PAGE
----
anybody. the person as sick as they were, would have been in contact with the receptionist, probably a triage nurse, other doctors and nurses who would have come in to take blood pressures and vital signs, even though they asked the crucial question, have you travelled to west africa, that person would have come in contact with others at the hospital and i'm sure they're looking at that chain of events as this person went into the isolation unit, because you're just not ready for it, it comes in out of the blue. >> so all the people who have treated this gentleman, i can't imagine they're going to allow him to go home and possibly spread something that we won't know immediately whether they have contacted it or contracted it as well. do we know what we're going to do with all the hospital people that have come in contact with him? >> reporter: we don't just yet, though isolation probably for a number of days is a good idea. we will learn more about that because an infectious disease expert from the hospital is
going to join the cdc on the television, along with zachary thompson who is the head of health and human services in dallas. because it was highly suspect, they have been taking a lot of precautions to make sure this patient is well isolated. here's the interesting thing, when i talked to the centers for disease control this morning, they said it appears to be a low risk case, like the one in mt. sinai hospital in new york city, many of them simply mad malaria. you have to get it through a mosquito, but throughout the day, suddenly started getting rumblings about the mixed message about this guy's story, maybe the risk was a little higher. my spine started tingling thinking we better get over to the cdc because this is going to turn out to be the very first case of ebola walking into the united states, if you will.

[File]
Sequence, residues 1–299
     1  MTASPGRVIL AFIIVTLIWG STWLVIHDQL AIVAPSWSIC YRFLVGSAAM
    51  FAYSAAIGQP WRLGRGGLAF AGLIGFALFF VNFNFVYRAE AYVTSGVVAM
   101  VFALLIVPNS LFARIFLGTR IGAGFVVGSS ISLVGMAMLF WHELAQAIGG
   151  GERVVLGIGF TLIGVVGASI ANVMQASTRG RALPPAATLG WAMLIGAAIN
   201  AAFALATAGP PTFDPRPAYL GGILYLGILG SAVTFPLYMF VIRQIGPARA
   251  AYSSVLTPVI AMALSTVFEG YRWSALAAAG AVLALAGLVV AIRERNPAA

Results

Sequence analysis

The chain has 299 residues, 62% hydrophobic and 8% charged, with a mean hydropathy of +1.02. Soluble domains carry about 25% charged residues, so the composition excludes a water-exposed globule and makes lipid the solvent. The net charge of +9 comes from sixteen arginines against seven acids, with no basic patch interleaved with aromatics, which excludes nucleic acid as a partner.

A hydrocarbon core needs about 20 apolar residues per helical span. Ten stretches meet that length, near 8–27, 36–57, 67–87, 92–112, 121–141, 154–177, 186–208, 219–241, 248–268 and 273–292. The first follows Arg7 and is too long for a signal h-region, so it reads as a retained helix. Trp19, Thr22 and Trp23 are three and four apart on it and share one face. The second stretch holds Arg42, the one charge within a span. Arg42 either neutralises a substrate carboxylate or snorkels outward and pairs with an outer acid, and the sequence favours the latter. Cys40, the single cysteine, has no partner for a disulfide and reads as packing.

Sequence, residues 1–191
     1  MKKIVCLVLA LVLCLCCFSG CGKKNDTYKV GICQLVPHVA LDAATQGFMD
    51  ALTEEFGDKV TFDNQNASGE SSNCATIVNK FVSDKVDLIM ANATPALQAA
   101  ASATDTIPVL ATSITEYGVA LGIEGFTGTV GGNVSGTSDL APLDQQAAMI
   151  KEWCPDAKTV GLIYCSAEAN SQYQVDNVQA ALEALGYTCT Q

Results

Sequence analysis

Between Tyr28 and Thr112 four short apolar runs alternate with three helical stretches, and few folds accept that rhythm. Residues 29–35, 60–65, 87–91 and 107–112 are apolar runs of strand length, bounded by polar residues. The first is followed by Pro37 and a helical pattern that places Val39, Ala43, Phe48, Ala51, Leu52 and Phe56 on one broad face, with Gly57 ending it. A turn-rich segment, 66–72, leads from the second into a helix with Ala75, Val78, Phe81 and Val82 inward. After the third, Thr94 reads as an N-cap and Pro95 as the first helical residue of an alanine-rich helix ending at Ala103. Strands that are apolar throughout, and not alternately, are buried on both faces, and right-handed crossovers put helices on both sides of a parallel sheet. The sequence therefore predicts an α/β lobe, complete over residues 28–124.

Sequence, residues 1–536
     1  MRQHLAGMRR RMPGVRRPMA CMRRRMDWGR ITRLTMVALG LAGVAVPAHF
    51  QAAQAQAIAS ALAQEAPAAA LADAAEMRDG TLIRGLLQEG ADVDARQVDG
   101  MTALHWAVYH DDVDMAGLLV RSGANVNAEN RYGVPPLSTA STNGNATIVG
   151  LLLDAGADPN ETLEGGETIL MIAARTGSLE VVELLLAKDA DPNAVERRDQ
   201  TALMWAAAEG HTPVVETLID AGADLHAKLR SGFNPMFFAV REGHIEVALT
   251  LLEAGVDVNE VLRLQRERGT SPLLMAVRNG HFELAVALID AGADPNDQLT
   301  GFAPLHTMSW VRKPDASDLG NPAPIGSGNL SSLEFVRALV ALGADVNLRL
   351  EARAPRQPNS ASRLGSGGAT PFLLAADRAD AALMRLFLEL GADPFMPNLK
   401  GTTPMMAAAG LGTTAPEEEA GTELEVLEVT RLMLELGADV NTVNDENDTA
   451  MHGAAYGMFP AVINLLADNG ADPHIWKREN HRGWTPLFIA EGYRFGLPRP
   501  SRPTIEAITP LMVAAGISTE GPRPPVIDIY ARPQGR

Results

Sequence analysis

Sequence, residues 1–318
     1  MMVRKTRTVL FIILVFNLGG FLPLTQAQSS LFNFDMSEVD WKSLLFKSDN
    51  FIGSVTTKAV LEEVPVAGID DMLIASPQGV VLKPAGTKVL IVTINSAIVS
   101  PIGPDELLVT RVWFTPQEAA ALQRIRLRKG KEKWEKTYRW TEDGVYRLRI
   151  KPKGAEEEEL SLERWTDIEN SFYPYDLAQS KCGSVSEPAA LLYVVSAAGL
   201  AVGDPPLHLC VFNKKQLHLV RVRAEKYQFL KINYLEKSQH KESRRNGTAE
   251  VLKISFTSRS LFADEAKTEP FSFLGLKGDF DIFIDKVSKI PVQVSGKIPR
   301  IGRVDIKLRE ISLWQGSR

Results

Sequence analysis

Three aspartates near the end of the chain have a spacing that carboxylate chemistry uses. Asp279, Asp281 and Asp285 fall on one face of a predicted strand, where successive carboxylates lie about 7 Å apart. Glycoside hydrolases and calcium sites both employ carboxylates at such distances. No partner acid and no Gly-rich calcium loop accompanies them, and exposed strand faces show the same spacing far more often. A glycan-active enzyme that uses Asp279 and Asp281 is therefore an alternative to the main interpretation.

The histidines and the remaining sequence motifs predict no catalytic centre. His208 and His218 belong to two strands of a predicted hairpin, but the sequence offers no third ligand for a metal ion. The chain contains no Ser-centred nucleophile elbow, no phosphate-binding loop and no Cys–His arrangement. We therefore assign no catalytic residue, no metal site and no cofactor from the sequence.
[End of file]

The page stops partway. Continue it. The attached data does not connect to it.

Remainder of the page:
>> ill didn't really walk in, it flew in, didn't it? isn't the one place that they should be most worried about airplanes, given the fact that there's very little fresh air on airplanes and it's repsychled on a regular basis? >> obviously if you have ever gotten sick on an airplane from just the common cold or the flu, you know if you're in proximity, if you're sick and you're in proximity to a number of people, there's a good chance that a couple of them at least will probably come down be whatever you had. but ebola is actually not that easily trance trangz missable. you have to come in contact with a lot of saliva, mucus, vomiting, diarrhea, blood. they do know how to control ebola. and here's a very good example of that.
niger niger nigeria, they believe that the outbrack in nigeria -- they also believe that senegal, because of quick action forestalled and avoided a possible outbreak of ebola there. so they do know how to control it. they do now hoe to either take care of a patient or let it burn itself out. the problem is in those three big west african country where is ebola is raging, there's no way to contain it because there's so much interaction between people. >> what do we expect to hear from the cdc, what kind of questions do you think they can answer or will it just be a lot of we don't know, we're checking and we'll get back to you? >> i think it will be obviously the background of this person, were they living in liberia, were they visiting liberia, what was the airline they flew over on. and it's a good bet that it could be american airlines,
because dallas is a hub and atlanta is a hub. but it could be any one of a number of other carriers as well. probably have you been in contact with people who are on the plane or planes with them. have you been in contact with people who he might have been in contact with as eric was talking about prior to and upon his arrival at the hospital? will the patient be staying here in dallas, or will they be taken to a high containment facility in nebraska or frederick, maryland, and then what about the prundence of maintaining regular flights between those countries and america. there are precautions in place to minimize the risk. but i think this will open up thisline of questioning as well. british airways stopped flights for a month. they may still be stopped, from west africa to the united kingdom. so there may be some airlines that are considering similar